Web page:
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5 min read
Thinking about using Hash-Based Message Authentication Codes? Here’s what you need to know about using this message authentication method.

What is Hash-Based Message Authentication Codes (HMAC)?

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When building apps and web-based platforms, protecting the integrity of data and information communicated online has never been more important.

One mechanism for checking integrity is hash-based message authentication codes (HMAC) which use a cryptographic technique that uses combines three elements: a message, a secret key, and a hash function.

The goal of HMAC is to aid companies with data integrity, ensuring information isn’t tampered with. If data and information have been tampered with, HMAC allows you to see those data changes with ease.

How HMAC works

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HMAC is a message-based authentication code that uses a hash function in combination with a cryptographic key. HMAC provides the server and the client with a private key that is specific to the server and client.

The three elements that make HMAC possible are:

  1. The message: this is the data that is being authenticated or verified to ensure it is stored and shared securely.
  2. Secret keys: this is used to create the HMAC value and is a specific value only known to the parties that are authorized to use it.
  3. Cryptographic hash function: the process of hashing involves turning input data (the message and the key) into a new output value (HMAC value). What makes this process important is that it safeguards the integrity of a message, as HMAC values can’t be reversed to gain access to the original message or key.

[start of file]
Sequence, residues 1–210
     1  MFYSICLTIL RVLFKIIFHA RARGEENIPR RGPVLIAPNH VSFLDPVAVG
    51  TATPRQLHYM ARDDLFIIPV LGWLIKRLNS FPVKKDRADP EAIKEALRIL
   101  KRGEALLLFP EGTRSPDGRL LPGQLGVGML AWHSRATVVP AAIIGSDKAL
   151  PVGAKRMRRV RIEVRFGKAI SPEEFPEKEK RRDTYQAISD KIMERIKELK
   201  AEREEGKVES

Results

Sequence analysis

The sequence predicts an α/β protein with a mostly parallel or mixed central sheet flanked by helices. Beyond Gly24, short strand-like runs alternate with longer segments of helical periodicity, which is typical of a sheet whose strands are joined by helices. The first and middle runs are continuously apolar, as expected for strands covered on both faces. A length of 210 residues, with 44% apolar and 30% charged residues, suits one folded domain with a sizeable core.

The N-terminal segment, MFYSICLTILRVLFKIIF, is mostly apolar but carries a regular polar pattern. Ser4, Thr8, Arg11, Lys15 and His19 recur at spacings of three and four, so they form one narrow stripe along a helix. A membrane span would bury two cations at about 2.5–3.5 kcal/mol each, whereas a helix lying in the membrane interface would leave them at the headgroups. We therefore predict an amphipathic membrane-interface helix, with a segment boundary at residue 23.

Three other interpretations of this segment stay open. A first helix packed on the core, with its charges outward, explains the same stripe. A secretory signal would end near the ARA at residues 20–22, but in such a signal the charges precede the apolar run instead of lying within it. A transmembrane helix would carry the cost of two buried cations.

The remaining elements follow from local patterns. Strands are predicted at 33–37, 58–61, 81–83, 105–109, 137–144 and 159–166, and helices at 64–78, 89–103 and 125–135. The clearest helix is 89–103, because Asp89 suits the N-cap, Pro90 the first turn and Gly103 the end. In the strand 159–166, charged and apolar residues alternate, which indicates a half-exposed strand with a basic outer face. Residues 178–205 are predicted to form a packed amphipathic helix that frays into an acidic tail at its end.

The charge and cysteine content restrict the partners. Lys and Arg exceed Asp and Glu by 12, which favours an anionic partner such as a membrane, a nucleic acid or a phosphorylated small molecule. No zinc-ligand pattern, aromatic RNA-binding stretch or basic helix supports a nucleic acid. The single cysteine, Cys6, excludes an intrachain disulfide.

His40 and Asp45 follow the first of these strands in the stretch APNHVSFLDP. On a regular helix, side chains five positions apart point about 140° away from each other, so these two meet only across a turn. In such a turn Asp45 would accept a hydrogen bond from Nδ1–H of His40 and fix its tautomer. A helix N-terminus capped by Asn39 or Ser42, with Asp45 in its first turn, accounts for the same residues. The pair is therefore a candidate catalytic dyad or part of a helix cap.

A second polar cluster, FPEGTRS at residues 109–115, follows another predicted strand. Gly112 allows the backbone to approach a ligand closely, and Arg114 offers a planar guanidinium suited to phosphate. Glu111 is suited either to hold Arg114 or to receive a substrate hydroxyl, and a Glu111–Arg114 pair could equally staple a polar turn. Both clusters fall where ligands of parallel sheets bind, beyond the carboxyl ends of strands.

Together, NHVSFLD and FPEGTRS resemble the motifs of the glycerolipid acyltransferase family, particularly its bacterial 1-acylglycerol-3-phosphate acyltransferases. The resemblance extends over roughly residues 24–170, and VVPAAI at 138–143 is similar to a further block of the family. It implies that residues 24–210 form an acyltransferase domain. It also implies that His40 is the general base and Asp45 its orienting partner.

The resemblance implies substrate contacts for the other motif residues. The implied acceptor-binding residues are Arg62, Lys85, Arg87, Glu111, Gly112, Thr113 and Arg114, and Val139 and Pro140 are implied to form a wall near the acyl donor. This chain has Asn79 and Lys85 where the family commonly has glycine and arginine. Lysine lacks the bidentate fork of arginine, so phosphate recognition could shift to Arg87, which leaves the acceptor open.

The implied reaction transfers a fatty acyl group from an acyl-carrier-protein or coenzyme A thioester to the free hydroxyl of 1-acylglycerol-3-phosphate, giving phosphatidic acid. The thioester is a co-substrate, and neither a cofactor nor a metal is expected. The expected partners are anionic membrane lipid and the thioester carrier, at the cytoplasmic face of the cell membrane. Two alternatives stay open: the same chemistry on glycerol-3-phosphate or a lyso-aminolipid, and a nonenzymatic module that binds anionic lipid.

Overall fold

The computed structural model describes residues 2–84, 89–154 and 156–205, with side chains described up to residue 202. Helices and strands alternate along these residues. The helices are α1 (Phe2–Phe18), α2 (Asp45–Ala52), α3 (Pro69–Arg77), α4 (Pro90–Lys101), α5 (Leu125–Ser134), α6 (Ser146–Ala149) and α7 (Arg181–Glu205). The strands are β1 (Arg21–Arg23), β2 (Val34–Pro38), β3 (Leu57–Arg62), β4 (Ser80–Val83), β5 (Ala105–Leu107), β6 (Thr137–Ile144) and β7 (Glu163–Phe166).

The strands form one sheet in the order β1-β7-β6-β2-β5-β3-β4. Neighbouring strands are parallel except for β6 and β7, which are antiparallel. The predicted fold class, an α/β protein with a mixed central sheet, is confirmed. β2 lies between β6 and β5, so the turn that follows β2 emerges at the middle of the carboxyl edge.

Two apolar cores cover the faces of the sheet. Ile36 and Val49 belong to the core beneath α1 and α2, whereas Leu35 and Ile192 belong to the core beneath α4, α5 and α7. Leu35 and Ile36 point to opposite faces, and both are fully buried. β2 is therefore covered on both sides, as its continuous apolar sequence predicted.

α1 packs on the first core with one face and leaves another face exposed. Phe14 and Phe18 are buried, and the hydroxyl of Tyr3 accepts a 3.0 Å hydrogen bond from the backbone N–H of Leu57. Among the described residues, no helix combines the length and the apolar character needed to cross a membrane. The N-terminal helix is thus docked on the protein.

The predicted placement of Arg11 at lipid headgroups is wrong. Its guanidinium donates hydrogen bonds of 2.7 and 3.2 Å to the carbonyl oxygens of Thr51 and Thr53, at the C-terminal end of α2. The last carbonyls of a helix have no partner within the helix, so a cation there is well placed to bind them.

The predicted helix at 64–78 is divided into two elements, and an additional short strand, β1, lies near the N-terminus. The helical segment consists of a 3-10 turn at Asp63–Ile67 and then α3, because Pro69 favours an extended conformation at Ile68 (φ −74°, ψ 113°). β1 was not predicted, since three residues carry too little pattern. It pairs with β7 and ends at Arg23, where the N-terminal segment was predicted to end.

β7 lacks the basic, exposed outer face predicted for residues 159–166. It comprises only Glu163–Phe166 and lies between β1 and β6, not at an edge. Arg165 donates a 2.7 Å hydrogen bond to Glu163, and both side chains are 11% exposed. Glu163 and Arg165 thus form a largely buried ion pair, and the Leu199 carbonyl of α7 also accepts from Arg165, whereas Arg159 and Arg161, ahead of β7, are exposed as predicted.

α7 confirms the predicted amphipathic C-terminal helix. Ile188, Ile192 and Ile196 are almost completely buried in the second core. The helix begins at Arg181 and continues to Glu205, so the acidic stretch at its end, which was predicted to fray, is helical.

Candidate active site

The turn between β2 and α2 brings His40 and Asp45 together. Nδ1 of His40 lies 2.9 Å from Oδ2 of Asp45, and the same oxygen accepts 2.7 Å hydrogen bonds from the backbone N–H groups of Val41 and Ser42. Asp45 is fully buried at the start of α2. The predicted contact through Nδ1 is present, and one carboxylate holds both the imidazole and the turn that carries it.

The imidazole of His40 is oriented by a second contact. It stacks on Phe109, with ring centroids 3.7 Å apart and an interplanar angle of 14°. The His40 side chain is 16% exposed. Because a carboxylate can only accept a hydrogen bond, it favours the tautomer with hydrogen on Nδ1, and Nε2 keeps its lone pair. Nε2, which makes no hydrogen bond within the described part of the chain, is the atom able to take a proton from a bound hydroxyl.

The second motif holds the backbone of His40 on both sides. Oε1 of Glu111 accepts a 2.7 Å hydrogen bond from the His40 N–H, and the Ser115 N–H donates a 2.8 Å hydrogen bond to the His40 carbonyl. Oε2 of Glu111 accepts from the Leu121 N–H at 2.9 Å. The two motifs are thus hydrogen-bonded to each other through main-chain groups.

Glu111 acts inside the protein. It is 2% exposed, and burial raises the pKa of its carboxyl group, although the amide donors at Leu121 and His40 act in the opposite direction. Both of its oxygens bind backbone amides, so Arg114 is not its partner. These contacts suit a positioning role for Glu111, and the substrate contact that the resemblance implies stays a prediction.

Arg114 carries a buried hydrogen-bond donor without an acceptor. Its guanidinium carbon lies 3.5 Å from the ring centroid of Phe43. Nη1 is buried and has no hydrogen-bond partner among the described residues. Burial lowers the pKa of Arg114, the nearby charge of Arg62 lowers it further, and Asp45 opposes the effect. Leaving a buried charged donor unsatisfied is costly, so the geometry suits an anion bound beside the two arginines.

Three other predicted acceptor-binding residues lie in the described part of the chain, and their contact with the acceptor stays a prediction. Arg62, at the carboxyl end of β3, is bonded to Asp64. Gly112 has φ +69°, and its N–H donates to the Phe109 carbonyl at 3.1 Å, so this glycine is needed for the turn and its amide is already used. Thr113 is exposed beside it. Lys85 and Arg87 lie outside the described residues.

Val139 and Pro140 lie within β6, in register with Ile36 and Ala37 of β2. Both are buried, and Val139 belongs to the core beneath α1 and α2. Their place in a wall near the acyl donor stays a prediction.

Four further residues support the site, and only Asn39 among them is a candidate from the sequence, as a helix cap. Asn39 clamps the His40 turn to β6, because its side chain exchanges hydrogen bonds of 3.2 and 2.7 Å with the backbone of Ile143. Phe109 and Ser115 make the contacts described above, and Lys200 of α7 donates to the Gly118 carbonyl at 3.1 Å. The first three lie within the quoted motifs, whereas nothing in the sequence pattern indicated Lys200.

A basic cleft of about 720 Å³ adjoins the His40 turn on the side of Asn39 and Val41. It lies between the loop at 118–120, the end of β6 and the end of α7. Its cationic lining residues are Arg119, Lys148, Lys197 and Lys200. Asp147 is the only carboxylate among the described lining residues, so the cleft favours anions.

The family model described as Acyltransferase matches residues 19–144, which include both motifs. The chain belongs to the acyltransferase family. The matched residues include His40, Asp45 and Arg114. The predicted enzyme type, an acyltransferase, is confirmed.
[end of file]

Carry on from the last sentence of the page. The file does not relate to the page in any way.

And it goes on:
This means that HMAC is what’s known as a symmetric key algorithm, using the same secret key to both create and verify the HMAC value.

The goals of HMAC

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HMAC keeps messages safe, secure, and free from external interference.

When messages are transmitted, there is the potential for outside intruders to intercept and corrupt this data (often to gain unauthorized access to secure platforms). HMAC helps to prevent this by hashing messages and combining these with secret keys during transmission.

Once received, the other party can verify if the contents of this message are accurate by using the same secret key to digest and verify this message. Through the process of recomputing the hash using the same secret key, the receiver can spot any modifications that might have been made by attackers.

If the hash matches the transmitted HMAC value, it’s clear that the message wasn’t altered and tampered with during transmission. However, if things don’t match the receiver knows something has gone wrong (whether that was a transmission error or a hacker intercepting this message).

This can help to reduce the chance of hackers gaining access to secure systems, as receivers can reject messages that they believe have been tampered with during the transmission process.

Why HMAC is important